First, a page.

STOCKHOLM – A U.S.-based economist has won the Nobel prize for economics for pioneering research that showed an increase in minimum wage doesn't lead to less hiring and immigrants don't lower pay for native-born workers, challenging commonly held ideas.
Two others in the U.S. shared the award Monday for creating a way to study these types of social issues.
The winners are David Card of the University of California, Berkeley; Joshua Angrist of the Massachusetts Institute of Technology; and Guido Imbens of Stanford University.
Stellantis offering domestic benefits
Stellantis will once again offer domestic partner benefits in addition to spousal benefits for its non-bargaining U.S. employees.
Domestic partner benefits were in place for employees with same-sex partners until 2015. The U.S. Supreme Court ruling that year that made gay marriage legal led many companies to end domestic partner benefits in favor of spousal benefits for their employees with same-sex partners.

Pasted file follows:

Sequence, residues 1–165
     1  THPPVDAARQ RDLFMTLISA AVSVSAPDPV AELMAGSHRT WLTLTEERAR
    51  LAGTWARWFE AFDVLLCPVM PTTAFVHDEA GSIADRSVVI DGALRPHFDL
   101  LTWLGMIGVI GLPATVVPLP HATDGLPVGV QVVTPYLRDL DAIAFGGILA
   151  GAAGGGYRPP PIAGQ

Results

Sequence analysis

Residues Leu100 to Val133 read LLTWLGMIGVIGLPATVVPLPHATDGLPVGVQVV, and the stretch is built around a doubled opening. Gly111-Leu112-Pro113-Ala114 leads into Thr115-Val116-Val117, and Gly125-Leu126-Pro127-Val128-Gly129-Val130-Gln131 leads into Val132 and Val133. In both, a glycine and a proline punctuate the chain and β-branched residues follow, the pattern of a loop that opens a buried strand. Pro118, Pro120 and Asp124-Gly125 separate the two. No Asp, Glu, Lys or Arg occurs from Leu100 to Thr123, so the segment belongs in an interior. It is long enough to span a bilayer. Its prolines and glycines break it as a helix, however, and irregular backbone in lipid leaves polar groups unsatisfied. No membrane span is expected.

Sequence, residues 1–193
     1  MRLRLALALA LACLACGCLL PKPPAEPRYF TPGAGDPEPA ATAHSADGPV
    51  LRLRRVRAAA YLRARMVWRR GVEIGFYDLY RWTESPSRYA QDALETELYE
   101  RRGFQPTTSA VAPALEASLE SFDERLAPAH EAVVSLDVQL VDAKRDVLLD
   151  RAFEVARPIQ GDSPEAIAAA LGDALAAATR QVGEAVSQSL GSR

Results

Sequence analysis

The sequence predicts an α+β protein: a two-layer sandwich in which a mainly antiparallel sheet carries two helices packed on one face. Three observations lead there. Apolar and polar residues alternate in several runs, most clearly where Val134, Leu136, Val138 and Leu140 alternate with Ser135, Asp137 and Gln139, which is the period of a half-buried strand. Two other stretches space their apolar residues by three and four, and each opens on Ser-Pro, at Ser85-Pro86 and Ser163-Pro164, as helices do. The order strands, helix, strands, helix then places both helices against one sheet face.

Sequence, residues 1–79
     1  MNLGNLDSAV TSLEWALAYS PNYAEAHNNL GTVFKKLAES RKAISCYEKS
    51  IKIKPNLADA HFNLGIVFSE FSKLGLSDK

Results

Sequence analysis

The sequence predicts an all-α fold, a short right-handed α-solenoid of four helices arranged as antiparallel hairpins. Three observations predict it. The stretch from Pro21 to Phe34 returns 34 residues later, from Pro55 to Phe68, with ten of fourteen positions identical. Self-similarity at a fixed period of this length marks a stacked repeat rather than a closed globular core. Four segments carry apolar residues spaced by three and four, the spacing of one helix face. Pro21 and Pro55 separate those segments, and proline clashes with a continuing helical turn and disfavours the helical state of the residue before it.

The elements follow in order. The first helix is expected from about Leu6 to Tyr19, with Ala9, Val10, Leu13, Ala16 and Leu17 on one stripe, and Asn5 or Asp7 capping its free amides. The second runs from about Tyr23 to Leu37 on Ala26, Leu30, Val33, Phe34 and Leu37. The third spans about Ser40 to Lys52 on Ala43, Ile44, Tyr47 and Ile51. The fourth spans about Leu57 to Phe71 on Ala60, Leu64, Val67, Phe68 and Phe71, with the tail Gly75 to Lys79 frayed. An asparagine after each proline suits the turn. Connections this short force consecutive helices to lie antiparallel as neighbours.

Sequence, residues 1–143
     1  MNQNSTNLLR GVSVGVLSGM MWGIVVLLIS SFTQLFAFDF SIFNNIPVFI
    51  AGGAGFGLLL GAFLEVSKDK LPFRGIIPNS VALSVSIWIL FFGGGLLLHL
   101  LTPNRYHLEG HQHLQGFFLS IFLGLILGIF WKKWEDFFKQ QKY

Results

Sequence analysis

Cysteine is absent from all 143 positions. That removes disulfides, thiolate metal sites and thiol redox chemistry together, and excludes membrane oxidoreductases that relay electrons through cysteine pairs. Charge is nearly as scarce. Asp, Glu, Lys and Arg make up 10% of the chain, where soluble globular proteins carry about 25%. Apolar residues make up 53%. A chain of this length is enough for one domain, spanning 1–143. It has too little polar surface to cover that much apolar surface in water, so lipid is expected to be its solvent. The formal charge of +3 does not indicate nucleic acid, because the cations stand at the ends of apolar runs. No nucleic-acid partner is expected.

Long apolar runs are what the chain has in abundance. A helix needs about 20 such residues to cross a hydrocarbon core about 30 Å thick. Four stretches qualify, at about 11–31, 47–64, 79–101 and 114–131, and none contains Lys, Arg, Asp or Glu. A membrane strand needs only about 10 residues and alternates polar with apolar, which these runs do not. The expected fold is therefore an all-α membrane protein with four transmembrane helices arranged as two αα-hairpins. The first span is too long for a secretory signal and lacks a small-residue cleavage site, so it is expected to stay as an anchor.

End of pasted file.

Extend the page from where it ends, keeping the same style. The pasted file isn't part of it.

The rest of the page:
When the program is reinstated Jan. 1, however, it will also be offered to employees with opposite-sex partners, which was not the case previously.
Amazon lets some work remotely
Amazon says it will allow many tech and corporate workers to continue working remotely indefinitely as long as they can to commute to the office when necessary.
The new policy was announced in a blog post. It's a change from Amazon's previous expectation that most employees would need to be in the office at least three days a week after offices reopen from the COVID-19 pandemic in January.
Most of Amazon's more than 1 million employees worldwide cannot work remotely because they are in the company's fulfillment and transportation division.